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Living with Fences

A Letter from Dennis and Maribel Smith, with Dennis serving as Regional Liaison for South America, based in Argentina

August 2018

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So much has changed.

Doña Lindaura remembers when they moved across the land with the seasons. Life on this vast savannah known as the Chaco was harsh, sometimes brutal, but the Weenhayek people could rely on nature’s abundance for food.

Over countless generations, her people had learned to hunt, to fish, to gather seeds and fruits from the wild. She learned about herbal medicines and how to dye and weave natural fibers into useful things, things of beauty.

We are near Yacuiba, in the department of Tarija in southern Bolivia, near the border with Argentina. Cold in winter, scorching hot in summer, the Chaco covers more than a million square kilometers of Bolivia, Argentina, and Paraguay. Several indigenous groups live in this sparsely populated region, including the Guaraní, the Qom and the Wichí or Weenhayek peoples.

Land here had always belonged to the whole community. But then the cattle ranchers came and, with them, fences. With the fences came hunger and thirst. An ancient way of life began to disappear.

This is not a romantic tale of longing for the past. No one questions how hard life had been. But then, there had been a sense of order to the universe; one knew what to expect.

An early struggle was for the land itself. The struggle to put limits on the cattle ranchers and soybean farmers began decades ago. The indigenous peoples insisted: “This land belongs to all of us, to our sons and daughters, to their sons and daughters. The land is who we are, it gives us dignity.”

Social change is hard, slow work; to confront powerful economic and political interests, more so. The indigenous communities found an ally in CERDET (Centro de Estudios Regionales para el Desarrollo de Tarija), a local civil society group staffed by young lawyers and technicians who were willing to join in this struggle.

Demands were met with threats. The indigenous communities resisted, blocking roads. They built broader alliances, then negotiated. Slowly, a new normal began to take shape. But the political and economic realities were such that the ranchers, farmers, and their fences were not going away. Not only that, as roads were built, other indigenous people immigrated from the highlands, bringing commerce, seeking opportunity.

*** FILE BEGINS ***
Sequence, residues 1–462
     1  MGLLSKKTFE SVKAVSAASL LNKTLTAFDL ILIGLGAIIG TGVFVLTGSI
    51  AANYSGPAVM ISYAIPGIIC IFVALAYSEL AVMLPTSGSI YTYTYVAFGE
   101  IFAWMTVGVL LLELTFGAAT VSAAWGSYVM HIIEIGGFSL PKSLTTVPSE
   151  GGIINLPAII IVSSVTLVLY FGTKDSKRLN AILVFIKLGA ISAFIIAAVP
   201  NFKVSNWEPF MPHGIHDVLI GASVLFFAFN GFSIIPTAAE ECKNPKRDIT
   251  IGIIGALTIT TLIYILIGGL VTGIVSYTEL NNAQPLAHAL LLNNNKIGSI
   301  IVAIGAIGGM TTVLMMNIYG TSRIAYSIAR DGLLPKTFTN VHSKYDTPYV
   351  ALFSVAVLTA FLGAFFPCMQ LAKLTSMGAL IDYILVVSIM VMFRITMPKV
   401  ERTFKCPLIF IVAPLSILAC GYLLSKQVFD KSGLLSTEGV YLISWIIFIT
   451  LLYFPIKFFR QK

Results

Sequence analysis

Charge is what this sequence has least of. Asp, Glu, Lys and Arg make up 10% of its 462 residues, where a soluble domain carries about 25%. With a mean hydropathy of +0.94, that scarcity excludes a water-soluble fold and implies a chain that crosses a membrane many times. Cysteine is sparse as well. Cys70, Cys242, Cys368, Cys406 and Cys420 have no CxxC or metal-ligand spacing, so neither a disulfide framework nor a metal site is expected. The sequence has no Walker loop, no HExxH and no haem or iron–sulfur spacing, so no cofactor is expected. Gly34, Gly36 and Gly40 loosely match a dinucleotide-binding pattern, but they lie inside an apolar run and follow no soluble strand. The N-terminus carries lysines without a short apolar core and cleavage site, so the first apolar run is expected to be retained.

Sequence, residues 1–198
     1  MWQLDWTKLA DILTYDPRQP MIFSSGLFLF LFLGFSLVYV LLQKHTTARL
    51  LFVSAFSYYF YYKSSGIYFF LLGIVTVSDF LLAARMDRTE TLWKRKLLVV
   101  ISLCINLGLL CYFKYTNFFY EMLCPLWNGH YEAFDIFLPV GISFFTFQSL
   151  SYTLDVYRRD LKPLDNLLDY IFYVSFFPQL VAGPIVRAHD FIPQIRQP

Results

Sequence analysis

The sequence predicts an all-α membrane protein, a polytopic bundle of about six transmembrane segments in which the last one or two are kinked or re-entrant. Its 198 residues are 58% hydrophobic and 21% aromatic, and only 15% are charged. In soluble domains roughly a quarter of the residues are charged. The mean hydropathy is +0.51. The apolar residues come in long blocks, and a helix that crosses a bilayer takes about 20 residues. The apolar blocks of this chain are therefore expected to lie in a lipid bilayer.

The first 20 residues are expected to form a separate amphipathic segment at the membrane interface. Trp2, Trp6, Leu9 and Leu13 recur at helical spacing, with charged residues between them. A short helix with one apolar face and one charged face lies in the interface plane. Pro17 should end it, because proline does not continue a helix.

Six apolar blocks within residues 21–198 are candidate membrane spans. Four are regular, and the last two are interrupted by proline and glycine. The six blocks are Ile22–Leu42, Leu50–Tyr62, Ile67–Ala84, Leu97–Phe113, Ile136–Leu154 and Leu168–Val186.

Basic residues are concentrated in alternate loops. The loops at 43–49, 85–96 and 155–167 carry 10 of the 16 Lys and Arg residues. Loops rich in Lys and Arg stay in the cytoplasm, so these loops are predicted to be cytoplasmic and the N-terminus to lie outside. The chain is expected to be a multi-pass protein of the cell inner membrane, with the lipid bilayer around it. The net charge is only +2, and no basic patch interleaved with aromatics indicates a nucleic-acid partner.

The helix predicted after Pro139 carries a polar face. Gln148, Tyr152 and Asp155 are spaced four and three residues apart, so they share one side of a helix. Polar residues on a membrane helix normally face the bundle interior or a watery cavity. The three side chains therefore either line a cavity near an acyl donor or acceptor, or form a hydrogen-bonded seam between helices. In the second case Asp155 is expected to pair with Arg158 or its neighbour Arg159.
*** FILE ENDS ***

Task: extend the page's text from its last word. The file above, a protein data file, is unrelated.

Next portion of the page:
One institution that helped to sustain the struggle was the church. The little Pentecostal church found in most communities provided a space where traditional leadership structures were preserved, together with an understanding that God walked with them.

The fences brought hunger and thirst. And so CERDET began to teach people to grow organic gardens, totally free of the deadly poisons used by the big farmers. They brought in methods from Brazil’s arid northeast and taught people to harvest rainwater and store it in underground cisterns. Even when the summer heat surges to 120° F, the water comes up cool and pure.

As Doña Lindaura and her neighbors — mostly her extended family — tell this story, she remembers that she used to be shy. Never would she have had the confidence to share all this with strangers. But as her husband, a woodcarver and leader of the community, began to attend training workshops, she began to tag along. She found her voice and came to understand that she had something to say.

Because Presbyterians do mission in partnership, you are part of this story. For almost 20 years, the Presbyterian Church (U.S.A.) has been present in the Chaco through Church World Service (CWS), our ecumenical partner. One program that CWS supports is CERDET. Through CWS, the (PC)USA has supported programs to fight hunger in the Chaco. Your church may participate in one of CWS’s respected CROP Hunger Walks.

On this visit, I joined Valery Nodem of the Presbyterian Hunger Program and Agustina Ramos, the CWS program officer for the Chaco, to visit CERDET and many of the indigenous communities where they work.

The world is a big place, and by doing mission in partnership with trusted, effective ecumenical partners, we exercise good stewardship and demonstrate our faithfulness to the way of Jesus.

Family news
This month, Alan, our first grandchild, celebrates his first birthday. He and his parents live in Louisville. In September, I will be in Louisville for a training held every two years for all regional liaisons. After the training, Maribel and Benjamin will join me, and we’ll gather the family to celebrate this delightful event. Maribel’s mom will also be joining us. It will be her first chance to meet this great grandchild!

We are deeply grateful to have you as part of our mission family. Thank you for your prayers and financial support. Our lives are deeply enriched by the opportunity to walk with our mission partners in South America as they seek to be faithful to the Gospel, and it is our joy to share with you how God is at work in this region.

Under the Mercy,

Dennis & Maribel Smith


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